Councils to get powers to prune leylandii

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Local councils are to be given new legal powers to chop down overgrown garden hedges as part of government moves to end neighbour disputes.

Local councils are to be given new legal powers to chop down overgrown garden hedges as part of government moves to end neighbour disputes.

Michael Meacher, the Environment Minister, will today reveal legislation to tackle so-called nuisance hedges such as the fast-growing leylandii variant. Arguments about the trees, which can grow by three feet a year up to about 100ft, have led to assaults and even one death in the past few years.

The Government had considered imposing a maximum height restriction for the bushes but has now decided that would be difficult to enforce.

Under the plans, neighbours will instead be allowed to call in their local council to settle arguments over the height of their common borders.

The move follows consultation which found that 97 per cent of the public believed the Government should take action to sort out the problems caused by hedges. More than 94 per cent of those who responded, including 77 per cent of local authorities, to a survey by the Department of Environment, Transport and the Regions believed new laws were needed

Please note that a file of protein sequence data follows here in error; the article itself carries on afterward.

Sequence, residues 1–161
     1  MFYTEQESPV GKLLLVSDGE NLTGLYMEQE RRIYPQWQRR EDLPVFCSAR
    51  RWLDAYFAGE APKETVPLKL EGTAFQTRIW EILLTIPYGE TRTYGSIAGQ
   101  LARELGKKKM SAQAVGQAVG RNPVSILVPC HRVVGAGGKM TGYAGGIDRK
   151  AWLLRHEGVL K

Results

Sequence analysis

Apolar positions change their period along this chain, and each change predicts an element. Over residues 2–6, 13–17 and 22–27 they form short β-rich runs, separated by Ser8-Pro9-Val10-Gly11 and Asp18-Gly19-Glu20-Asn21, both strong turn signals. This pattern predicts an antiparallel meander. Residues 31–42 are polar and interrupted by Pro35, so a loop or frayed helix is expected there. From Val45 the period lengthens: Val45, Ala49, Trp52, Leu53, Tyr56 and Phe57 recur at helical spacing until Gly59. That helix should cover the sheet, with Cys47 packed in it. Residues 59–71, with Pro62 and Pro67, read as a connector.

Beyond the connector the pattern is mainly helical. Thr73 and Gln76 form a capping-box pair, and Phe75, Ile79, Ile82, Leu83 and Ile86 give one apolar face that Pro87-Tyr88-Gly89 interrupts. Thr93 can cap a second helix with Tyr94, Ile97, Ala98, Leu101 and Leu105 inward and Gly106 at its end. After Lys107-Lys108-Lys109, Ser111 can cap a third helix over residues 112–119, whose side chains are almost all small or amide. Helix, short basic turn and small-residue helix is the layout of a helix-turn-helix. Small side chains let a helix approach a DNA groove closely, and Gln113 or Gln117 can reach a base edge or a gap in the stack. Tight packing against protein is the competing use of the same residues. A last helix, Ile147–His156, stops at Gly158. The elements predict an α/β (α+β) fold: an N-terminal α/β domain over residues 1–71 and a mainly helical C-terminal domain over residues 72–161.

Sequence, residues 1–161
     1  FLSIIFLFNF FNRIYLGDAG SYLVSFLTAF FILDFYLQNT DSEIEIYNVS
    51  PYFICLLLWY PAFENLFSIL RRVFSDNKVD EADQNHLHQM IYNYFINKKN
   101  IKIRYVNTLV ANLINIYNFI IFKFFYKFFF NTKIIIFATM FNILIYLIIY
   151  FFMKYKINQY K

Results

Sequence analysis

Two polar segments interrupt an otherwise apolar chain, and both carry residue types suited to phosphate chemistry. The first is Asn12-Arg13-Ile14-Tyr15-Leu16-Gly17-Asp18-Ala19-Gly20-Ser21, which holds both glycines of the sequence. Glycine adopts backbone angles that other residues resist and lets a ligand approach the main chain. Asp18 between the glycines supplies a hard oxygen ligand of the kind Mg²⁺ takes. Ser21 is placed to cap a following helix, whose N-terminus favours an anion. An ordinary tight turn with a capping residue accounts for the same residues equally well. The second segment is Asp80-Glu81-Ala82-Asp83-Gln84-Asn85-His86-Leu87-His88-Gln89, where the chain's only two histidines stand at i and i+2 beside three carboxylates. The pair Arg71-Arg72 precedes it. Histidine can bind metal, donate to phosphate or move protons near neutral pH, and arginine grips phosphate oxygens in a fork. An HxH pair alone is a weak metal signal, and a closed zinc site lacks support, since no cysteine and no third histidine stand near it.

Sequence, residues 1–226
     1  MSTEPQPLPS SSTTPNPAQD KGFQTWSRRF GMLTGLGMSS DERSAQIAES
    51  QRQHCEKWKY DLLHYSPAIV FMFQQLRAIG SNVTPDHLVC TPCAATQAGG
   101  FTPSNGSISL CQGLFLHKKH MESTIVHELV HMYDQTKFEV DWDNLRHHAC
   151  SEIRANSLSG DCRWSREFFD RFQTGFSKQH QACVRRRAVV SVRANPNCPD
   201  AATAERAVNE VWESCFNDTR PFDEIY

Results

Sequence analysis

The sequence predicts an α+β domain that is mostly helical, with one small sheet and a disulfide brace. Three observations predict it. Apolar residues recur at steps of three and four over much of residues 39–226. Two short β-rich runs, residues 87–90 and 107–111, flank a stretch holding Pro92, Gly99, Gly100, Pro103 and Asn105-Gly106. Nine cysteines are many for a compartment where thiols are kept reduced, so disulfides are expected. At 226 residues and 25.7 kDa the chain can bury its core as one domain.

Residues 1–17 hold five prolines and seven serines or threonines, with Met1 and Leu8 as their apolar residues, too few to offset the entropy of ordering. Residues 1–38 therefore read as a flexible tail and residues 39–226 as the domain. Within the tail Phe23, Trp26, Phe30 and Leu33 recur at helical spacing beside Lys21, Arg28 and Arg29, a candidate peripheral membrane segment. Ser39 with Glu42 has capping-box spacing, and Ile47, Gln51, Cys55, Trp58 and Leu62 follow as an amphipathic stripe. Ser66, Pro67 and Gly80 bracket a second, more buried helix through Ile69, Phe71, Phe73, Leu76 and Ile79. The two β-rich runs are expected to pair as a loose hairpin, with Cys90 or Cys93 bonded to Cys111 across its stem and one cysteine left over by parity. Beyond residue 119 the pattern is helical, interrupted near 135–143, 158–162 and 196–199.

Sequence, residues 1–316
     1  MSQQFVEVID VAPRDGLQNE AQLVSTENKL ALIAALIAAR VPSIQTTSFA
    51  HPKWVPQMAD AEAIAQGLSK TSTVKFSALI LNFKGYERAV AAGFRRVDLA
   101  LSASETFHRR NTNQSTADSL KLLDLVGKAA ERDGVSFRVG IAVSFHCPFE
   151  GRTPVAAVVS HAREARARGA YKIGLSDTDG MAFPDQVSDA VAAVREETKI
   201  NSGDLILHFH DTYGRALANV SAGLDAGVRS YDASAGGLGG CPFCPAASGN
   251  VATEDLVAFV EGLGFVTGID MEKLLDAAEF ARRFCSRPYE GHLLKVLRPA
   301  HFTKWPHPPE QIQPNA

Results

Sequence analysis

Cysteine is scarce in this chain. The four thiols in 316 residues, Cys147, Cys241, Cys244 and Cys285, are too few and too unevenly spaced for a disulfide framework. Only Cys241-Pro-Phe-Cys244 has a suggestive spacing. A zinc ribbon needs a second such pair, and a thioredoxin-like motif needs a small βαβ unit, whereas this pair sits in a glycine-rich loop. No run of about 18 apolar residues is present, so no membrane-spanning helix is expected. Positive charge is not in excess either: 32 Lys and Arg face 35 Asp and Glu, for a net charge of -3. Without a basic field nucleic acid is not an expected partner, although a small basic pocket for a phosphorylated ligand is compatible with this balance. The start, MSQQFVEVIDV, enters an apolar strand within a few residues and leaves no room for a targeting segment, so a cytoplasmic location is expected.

The most favoured option was a system allowing town halls to determine complaints, backed by legal powers to order hedge-cutting action.

Other options, including stronger planning regulations, extending the right to light to include land as well as buildings and better mediation services were all seen as too weak by the public. The laws will in effect give council officers the right to act as "judge and jury" in disputes, having the final say in the matter even if one neighbour disagrees.

Mr Meacher, who said laws would be introduced as soon as there was space in the Parliamentary timetable, added that the nine-month consultation process had proved there was a clear need to take action.

"We recognise that over-grown garden hedges have caused distress to thousands of people and we take these problems very seriously. Our consultation has confirmed the overwhelming support for tougher controls.

"This commitment to legislation is an important step in relieving the unnecessary suffering caused by nuisance hedges. However, involving the local council should be a last resort. If possible, the best way of settling problems is for neighbours to agree among themselves."

The Government's inquiry began after MPs of all parties were deluged with complaints from constituents about overgrown leylandii blocking their light and undermining their properties' foundations.

Last year Jim Cunningham, Labour MP for Coventry South, introduced a backbench Bill to give council officers powers to conciliate between neighbours and then order the hedges to be cropped if there was no settlement.